Optimizing PCB Design for Tablet PCs Print E-mail
Written by Jay Desai   
Tuesday, 31 January 2012 22:52

Tips for conserving space and enhancing functionality in small form factor devices.

At our company holiday party, there were several giveaways, including a 40" LCD TV, digital cameras and others. The most coveted prize was a brand new tablet. It prompted me to consider just how much functionality device manufacturers are able to fit into these smaller form factor tablets.

Indeed, tablets exemplify flex circuits’ potential to fit dozens of features into limited real estate. As a midpoint device between a smartphone and a laptop computer, tablets have become increasingly popular, with new models flooding the market. Some tablets are PCs with touch screens, while others are smartphone extensions, running enhanced mobile operating systems. Tablets, in all their forms, are rapidly advancing from generation to generation. As tablets have improved, so has flex assembly integration within these devices.

Several successful first-generation tablets used up to eight or nine flex assemblies each. Subsequent generations of devices added significantly more features in even thinner and lighter form factors, creating challenges to package the electronics. Second-generation tablets use almost double the number of flex assemblies to increase features, functionality and space for larger batteries. (Even with the additional functionality and use of more flex in the 2G tablet, the list price of the device and total hardware BoM cost was the same as the 1G model.)

Some tablets have not integrated flex assemblies. These versions reflect a PC laptop design mindset. The designs may have a few extra features, such as a physical keyboard, a stylus input device and multiple input and output ports. These features, coupled with a lack of flex assemblies, add considerable thickness and weight to the device (Figure 1).

I’d like to elaborate on techniques engineers can utilize to conserve space, the most basic of which is to integrate printed circuit boards and flexible flat cables/traditional cables into flex assemblies for components such as cameras, speakers, buttons, side keys, connectors and microphones. Standalone modules, like WiFi/BT/FM, 3G/WAN and touch screens, can be integrated on the main PCB or on a well-designed flex circuit. In some cases this eliminates additional wired connections and reduces overall device thickness.

Based on our analysis of the above devices, here are a few suggestions to consider for optimized PCB design to conserve space:

  • Make the circuit board rectangular to improve the material utilization.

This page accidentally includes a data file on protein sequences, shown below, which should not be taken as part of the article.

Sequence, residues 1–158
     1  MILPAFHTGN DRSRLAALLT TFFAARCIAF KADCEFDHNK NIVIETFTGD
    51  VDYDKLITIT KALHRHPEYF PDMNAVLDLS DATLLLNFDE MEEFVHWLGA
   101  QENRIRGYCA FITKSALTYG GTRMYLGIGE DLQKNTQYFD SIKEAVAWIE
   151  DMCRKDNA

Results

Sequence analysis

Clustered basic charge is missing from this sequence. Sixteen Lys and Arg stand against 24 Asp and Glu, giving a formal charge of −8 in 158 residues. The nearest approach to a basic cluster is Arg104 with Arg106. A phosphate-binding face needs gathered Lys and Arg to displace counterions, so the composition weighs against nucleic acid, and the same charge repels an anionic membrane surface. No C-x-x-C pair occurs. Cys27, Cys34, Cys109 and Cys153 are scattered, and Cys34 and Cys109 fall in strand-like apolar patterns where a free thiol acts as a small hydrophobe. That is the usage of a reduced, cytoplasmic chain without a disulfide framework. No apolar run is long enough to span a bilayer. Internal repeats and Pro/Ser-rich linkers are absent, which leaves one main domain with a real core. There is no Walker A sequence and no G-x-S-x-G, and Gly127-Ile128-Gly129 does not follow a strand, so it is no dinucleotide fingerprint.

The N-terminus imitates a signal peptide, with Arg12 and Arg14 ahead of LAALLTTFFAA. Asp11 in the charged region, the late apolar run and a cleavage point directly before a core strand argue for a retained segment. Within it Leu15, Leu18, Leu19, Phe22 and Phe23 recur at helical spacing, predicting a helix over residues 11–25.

• Eliminate cut-outs to take advantage of the full perimeter of the device.
  • Put components on one side of the board only.
  • Use 3D flex circuit design techniques to place  components and modules in multiple planes to reduce the thickness in critical cross-section areas.

Other design options include placing components on flex circuits to reduce the expensive real estate on the main high-density interconnect PCB. These components include the LED flash, an ambient light sensor, headset jack or connectors. Replacing PCB peripheral modules containing PCB, connectors and flat cables with flex assemblies combines functionality to reduce device thickness. Integrating antennas and speakers is yet another example to reduce overall device thickness. Moving high data-rate components such as coax cables to flex circuits offers advantages in the area of signal integrity, while also reducing device thickness.

In the examples above, we observed two design strategies, one being a thinner tablet based on smartphone design methodology, the other being a thicker tablet based on PC laptop design methodology. The thinner tablet device uses flex circuits extensively, whereas the thicker tablet device does not incorporate flex circuits. This illustrates that fully utilizing the benefits of flex assemblies enables devices to be thinner and lighter. The concepts discussed can be applied to not only tablet devices, but to any electronic device. Another benefit of using flex assemblies is the creation of space for larger batteries. It also permits integration of components and sensors for more functionality.

Jay Desai is director of marketing at MFLEX (mflex.com); This e-mail address is being protected from spambots. You need JavaScript enabled to view it .

Last Updated on Wednesday, 01 February 2012 17:39




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